This is a very common problem. As with any problem, you need to step back to get some perspective on the situation. First, wouldn't you agree with me that we are constantly bombarded with information about dieting and appearance? The pressure and stress that the media creates forms the basis of a self-help industry that creates these trendy or fad diets. In fact, there is a current NY Times bestseller, (there always is a diet book around this time of year), dedicated to losing weight through a trendy new diet. These trendy diets are usually a variation on a theme. Some details are tweaked just slightly, a new book cover is designed, and voila!...You have a new "diet."
At Chillfit, I focus on the basics of a proven regimen of exercise programs, tailored to each of my clients. Now, with that said, one of the things I cannot control is what and how much each of my clients eat once they leave the fitness studio. I am not a nutrition specialist. However, there are some common sense approaches to healthy eating that will support the goals you are trying to reach in losing weight. I am not promoting a book...And, remember, I used to weigh 315 pounds. I can personally testify to what nutritional practices personally helped me. (Always see a doctor before changing your diet and nutrition program or before beginning an exercise program).
1. Always include a protein source such as egg whites, white meat chicken, or turkey, or fish, (or soy if you are vegan), with every meal. Keep the portion size between 4 to 6 ounces.
2. One, maybe two, starch based carbohydrates such as brown rice, oatmeal, potatoes, or, sweet potatoes.
3. Add a fiber rich carbohydrate vegetable such as broccoli, green beans, or a salad.
4. Control your portions of each of the above. Particularly the protein and starch vegetables. If you need a bigger portion of any of the above, choose the fiber rich carbs.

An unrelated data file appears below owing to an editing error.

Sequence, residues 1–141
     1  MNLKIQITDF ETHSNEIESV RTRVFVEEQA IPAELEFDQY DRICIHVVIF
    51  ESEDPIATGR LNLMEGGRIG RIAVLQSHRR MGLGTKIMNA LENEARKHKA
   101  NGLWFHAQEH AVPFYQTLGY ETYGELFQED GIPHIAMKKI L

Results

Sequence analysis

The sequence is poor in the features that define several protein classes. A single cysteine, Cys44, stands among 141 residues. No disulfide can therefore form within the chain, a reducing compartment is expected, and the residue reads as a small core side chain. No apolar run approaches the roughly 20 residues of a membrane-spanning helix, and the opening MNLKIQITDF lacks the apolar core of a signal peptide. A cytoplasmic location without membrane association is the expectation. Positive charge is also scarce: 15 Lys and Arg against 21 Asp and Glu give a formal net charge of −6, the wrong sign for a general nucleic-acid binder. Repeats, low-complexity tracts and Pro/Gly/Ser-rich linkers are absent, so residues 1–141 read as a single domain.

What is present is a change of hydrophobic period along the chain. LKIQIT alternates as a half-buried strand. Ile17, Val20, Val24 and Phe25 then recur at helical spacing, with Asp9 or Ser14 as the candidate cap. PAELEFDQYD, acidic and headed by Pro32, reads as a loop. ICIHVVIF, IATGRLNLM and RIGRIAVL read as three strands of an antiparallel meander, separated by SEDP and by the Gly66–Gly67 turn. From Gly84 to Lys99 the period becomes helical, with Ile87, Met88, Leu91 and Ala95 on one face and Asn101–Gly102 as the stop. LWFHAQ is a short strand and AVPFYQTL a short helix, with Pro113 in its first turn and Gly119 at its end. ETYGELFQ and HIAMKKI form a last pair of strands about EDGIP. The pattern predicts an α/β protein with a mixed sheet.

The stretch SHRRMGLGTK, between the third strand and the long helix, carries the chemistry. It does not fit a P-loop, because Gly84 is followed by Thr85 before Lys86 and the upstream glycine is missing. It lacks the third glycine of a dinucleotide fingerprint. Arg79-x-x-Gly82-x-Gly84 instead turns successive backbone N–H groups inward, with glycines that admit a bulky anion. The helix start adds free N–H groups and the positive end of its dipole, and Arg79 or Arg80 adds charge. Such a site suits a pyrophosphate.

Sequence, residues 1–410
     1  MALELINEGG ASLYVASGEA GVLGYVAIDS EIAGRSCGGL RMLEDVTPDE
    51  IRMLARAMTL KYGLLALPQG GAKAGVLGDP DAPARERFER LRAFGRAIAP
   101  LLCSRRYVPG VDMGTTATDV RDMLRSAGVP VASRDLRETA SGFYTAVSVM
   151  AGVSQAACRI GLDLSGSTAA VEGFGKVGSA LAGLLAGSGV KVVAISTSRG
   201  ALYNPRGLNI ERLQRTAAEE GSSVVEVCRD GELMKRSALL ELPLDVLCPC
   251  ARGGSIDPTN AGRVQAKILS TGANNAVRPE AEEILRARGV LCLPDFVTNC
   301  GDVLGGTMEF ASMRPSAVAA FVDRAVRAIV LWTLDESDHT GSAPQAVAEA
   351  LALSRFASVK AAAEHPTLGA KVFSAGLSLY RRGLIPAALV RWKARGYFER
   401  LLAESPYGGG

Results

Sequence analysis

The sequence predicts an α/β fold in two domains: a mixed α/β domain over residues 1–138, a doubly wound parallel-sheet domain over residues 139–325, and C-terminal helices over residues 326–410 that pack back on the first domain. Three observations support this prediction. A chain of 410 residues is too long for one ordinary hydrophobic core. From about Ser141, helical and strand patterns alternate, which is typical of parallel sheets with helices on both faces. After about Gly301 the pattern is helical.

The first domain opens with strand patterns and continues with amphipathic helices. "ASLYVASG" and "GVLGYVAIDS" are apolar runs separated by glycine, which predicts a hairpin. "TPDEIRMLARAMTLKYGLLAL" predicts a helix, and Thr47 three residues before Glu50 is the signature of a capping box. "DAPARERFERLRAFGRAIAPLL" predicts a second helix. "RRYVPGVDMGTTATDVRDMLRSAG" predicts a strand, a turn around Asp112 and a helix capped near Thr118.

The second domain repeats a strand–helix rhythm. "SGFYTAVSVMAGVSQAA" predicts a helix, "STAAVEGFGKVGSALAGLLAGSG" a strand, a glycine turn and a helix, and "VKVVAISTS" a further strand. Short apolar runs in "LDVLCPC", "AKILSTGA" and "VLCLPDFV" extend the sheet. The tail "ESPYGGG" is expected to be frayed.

5. Avoid processed foods. Shop around the edges of the grocery store instead of the aisles. Processed foods have high levels of sodium and fat. Buy foods as fresh as possible. Increase your variety by shopping at local farmers markets. Minimize trips to fast food restaurants. Fast foods are low in nutritional value, (that is one reason you have food cravings three to four hours after you eat fast food), they are high in fat and simple carbs that spike your blood sugar and send the calories directly to stored fat. And besides, it makes you feel bloated and horrible!
6. Be mindful of how you prepare your food. Avoid using saturated fats. Increase flavor through products like Mrs. Dash, along with fresh herbs and spices. Also, cook with healthy oils and vinegars to add flavor. When your taste buds have been satiated, you will give yourself a better chance of sticking to your new nutritional plan.
7. Follow the nutritional guidance offered at the United States Department of Agriculture's, (USDA), website, "My Pyramid". Another resource is my friend, Pam Smith, RD, LDN. Pam is a nationally recognized nutritionist. She has a great website. Pam doesn't buy into that don't buy into the diet trends. Click here to visit her site: Pam Smith.
8. Manage your stress and turn on the fat burning switch through an organized and tailored exercise program that I manage. I can help you reach your goals of personal fitness. Meeting these goals will encourage you to achieve greater personal success in other areas of your life.